Archer v. TDCJ-ID, et al. (Published Memo): On January 9, 2008, the Tyler court issued the Crosby decision. It held that inmate civil right suits could be dismissed without a hearing if the inmate’s pleadings don’t comply with Tex. Civ. Prac. & Rem. Code Chapter 14. This case shows that Crosby doesn’t apply to suits against prison officials in their individual capacity.
Archer is an inmate at the Powledge unit in Palestine, Texas. He got burned when attempts to start a diesel engine went awry. He had been working on the engine at the direction of TDCJ-ID employees. He filed suit against TDCJ-ID, as well as the individual employees.
The Texas Civil Practice and Remedies Code imposes procedural requirements on inmates filing civil rights claims against the State. For one thing, the prisoner has to exhaust administrative appeals within the prison. Archer did not do that here. Consequently, his claims against the State were rightly dismissed by the trial court.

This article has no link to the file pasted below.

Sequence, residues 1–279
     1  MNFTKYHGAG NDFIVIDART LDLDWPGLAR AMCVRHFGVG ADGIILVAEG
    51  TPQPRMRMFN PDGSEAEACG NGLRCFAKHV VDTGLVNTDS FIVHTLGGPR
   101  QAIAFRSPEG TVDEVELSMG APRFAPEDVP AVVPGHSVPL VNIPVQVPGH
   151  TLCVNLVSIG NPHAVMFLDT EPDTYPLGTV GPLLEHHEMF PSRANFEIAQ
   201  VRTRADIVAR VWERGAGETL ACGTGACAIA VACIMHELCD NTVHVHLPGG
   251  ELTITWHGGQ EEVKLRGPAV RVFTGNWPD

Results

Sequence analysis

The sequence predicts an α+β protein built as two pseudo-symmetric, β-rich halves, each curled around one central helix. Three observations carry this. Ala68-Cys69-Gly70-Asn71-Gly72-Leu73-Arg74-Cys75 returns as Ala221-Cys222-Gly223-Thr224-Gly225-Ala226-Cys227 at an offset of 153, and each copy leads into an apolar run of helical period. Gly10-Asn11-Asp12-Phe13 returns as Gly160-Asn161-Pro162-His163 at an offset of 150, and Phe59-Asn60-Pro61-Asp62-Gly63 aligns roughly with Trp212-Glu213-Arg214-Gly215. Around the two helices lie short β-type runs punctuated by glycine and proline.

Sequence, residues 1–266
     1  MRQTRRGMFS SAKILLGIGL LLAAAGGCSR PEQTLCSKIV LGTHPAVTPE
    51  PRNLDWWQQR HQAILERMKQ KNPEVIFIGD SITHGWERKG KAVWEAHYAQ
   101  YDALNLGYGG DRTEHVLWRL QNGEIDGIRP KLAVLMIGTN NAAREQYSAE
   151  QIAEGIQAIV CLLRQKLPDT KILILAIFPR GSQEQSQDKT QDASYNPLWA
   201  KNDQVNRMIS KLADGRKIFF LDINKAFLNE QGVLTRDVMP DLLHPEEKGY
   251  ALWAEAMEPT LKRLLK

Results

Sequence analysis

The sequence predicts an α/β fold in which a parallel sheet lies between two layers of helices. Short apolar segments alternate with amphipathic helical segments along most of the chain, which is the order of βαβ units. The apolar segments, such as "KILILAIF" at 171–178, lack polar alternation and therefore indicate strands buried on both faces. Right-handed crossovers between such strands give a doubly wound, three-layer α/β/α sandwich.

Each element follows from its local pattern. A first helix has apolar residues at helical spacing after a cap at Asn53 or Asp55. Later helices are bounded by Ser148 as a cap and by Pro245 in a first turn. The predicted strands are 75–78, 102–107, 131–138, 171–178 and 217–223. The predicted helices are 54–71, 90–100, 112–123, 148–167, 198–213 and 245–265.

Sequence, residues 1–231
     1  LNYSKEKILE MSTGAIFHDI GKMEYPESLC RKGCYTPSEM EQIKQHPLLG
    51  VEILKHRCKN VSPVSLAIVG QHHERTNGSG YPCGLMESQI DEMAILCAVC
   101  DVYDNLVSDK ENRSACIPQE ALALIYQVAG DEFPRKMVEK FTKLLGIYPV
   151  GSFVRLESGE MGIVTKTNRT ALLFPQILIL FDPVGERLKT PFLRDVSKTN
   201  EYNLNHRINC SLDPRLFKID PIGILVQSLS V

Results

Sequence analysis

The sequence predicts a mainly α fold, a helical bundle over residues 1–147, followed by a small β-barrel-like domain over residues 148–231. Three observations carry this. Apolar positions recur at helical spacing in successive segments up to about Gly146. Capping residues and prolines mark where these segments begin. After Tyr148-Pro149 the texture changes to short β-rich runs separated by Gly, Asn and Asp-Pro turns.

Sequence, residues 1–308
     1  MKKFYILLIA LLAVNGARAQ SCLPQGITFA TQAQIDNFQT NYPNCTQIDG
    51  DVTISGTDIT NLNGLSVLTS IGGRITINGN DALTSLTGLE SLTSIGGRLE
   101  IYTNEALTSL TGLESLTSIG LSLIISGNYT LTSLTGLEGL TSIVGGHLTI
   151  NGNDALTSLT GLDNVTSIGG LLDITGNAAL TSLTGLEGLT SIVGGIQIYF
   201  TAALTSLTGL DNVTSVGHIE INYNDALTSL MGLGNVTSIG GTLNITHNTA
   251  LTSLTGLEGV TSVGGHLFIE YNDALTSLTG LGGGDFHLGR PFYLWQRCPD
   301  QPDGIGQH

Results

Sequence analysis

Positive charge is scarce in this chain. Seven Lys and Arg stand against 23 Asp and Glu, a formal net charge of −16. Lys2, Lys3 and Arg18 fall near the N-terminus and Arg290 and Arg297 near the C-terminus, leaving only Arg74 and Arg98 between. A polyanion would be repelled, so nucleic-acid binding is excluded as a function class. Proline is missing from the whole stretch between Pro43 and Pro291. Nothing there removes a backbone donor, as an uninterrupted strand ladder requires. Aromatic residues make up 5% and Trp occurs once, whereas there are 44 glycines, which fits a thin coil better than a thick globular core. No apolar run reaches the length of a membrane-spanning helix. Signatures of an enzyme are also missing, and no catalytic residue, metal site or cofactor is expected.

But Archer had sued the employees, too.
The Texas Tort Claims Act waives sovereign immunity for claims involving the use of a motor vehicle. Since that’s how Archer got his burns, his claims against the individual employees could proceed. What’s more, the administrative grievance process within the prison only covers claims against the prison itself, not the prison’s employees. It was an abuse of discretion to dismiss those claims for failing to comply with the Texas Civil Practice and Remedies Code.